Haroun’s mother had spent considerable time investigating the death of her son, to little avail. However, she did manage to get hold of two newspaper clippings in French about the murder. Neither speak French but Haroun takes up French at school to be able to read the clippings and now knows them off by heart as his mother, even now, continues to interrogate him about them. He himself does some investigations and calls into question the details in Camus’ book. Where is Meursault’s mother buried? There is no trace of it. Did Meursault lie about her and her death, which would explain his seeming indifference to her death? Haroun’s mother thinks she finds the house where Meursault lived. She goes there and starts to insult the woman who answers the door. The woman, who is French and does not understand Arabic, is naturally frightened and threatens to call the police. The mother is hurried away by other Algerians so as not to risk trouble with the police. Haroun also searches in vain for Raymond and more and more thinks much of the story is made up.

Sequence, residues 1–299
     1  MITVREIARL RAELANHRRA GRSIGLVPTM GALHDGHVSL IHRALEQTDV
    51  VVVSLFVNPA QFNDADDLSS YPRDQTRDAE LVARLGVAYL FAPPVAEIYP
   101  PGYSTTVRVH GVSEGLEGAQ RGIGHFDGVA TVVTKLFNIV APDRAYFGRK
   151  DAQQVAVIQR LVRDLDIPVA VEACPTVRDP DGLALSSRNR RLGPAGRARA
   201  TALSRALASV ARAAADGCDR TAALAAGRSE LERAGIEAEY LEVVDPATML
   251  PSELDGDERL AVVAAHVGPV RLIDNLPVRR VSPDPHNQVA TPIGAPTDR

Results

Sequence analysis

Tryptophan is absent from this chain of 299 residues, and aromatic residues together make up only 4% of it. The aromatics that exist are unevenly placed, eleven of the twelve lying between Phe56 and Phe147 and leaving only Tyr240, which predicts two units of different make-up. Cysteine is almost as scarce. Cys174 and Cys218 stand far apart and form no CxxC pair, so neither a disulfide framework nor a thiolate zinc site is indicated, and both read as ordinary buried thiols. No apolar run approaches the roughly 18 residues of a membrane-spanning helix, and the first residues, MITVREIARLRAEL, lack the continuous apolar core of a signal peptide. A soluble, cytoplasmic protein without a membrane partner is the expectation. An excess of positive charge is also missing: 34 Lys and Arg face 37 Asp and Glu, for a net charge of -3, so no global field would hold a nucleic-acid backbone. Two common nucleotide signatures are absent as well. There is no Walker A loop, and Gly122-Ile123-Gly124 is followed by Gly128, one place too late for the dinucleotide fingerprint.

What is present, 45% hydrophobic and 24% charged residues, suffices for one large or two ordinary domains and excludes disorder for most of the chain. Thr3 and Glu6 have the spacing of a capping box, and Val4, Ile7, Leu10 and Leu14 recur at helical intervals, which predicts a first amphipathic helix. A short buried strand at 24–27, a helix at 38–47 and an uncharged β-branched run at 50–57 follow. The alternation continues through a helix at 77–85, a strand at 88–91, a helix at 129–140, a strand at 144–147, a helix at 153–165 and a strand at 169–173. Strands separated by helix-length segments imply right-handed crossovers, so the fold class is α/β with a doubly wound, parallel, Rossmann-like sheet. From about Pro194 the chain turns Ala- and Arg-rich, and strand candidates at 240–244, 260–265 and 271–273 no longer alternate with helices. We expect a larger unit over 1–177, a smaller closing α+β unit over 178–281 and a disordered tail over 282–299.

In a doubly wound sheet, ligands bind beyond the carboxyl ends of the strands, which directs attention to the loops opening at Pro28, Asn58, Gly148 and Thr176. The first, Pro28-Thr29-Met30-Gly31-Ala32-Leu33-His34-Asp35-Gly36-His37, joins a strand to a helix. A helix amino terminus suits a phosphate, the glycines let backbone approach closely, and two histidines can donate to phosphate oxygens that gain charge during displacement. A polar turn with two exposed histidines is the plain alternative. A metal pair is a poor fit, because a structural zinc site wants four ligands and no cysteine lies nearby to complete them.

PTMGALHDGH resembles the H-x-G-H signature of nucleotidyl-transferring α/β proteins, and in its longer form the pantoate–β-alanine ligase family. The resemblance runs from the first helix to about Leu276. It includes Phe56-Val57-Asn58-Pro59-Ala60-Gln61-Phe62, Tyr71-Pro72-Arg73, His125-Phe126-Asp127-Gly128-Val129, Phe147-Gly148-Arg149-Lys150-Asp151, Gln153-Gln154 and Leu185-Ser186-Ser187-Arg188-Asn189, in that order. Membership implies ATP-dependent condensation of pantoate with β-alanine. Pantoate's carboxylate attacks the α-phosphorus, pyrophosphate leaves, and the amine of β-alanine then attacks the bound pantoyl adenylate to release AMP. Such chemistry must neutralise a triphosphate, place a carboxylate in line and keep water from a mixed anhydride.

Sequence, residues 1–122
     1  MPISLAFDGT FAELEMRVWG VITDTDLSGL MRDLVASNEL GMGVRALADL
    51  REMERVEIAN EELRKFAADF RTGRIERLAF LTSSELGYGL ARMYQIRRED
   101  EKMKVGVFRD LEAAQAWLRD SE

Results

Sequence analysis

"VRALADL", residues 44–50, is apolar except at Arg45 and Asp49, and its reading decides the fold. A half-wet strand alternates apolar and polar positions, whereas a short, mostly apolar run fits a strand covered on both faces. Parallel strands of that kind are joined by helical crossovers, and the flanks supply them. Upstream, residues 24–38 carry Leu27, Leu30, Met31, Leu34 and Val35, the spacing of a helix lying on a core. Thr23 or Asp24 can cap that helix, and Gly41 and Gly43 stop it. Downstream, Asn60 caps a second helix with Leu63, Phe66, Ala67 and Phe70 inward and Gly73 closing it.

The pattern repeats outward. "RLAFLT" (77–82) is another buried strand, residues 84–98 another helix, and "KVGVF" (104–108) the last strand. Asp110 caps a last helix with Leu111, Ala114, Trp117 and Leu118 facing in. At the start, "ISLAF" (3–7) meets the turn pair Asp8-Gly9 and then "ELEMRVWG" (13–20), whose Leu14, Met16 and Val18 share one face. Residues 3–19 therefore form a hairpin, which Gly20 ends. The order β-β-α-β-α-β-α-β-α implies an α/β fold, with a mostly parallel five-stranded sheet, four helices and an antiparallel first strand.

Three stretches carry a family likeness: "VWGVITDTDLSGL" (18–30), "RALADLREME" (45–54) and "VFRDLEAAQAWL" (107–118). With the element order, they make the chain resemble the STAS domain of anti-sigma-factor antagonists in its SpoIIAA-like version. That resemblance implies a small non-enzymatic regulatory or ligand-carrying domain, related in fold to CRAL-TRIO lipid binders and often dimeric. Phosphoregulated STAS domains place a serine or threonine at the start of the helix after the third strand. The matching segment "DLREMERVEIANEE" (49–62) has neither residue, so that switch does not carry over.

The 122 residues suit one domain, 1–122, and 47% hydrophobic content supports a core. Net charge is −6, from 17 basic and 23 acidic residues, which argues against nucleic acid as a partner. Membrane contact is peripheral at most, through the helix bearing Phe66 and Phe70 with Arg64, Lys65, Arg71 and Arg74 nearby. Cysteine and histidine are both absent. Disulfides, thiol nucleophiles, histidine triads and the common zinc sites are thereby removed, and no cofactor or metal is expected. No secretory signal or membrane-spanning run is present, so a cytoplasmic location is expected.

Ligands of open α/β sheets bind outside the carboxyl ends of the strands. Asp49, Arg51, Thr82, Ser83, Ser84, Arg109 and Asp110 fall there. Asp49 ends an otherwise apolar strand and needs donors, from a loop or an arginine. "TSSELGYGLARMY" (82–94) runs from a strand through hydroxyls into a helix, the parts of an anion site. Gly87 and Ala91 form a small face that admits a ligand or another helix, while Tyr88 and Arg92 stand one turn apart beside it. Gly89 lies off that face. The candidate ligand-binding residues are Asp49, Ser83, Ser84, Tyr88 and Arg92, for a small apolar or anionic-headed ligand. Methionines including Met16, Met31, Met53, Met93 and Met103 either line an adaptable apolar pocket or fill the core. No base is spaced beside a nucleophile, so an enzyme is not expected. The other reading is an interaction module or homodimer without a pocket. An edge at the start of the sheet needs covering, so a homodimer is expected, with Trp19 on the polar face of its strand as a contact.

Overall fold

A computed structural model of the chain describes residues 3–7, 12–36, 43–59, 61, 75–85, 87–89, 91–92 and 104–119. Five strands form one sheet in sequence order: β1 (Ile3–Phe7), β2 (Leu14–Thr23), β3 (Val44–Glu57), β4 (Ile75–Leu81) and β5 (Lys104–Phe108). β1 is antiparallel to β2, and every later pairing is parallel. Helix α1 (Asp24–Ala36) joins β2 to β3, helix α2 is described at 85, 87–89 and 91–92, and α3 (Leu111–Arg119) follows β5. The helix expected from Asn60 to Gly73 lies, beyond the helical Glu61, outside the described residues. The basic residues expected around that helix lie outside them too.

Daoud does come up with a twist to the story but, ultimately, Haroun is left a bitter man, who feels his life has been destroyed by the death of his brother. His mother became totally obsessed with the death of her son and he feels that he has been neglected. Indeed, she tries to make him Moussa, by making him wear Moussa’s old clothes. They spend much time investigating the death. They leave Algiers for Hadjout, a town he hates. He is known, if at all, for being the brother of the man who was murdered. He turns away from religion, the Algerian Revolution and romance. Yet, by the end, he seems to be content, if not happy, sitting in the bar drinking and telling his tale to the academic who is not an academic, damning the French, your hero, as he calls Camus, and Meursault, all of which gives, at least, some meaning to his life. This is an excellent book, not only a clever idea but superbly executed.
First published by Actes Sud in 2014
First English translation by The Other Press in 2015
Translated by John Cullen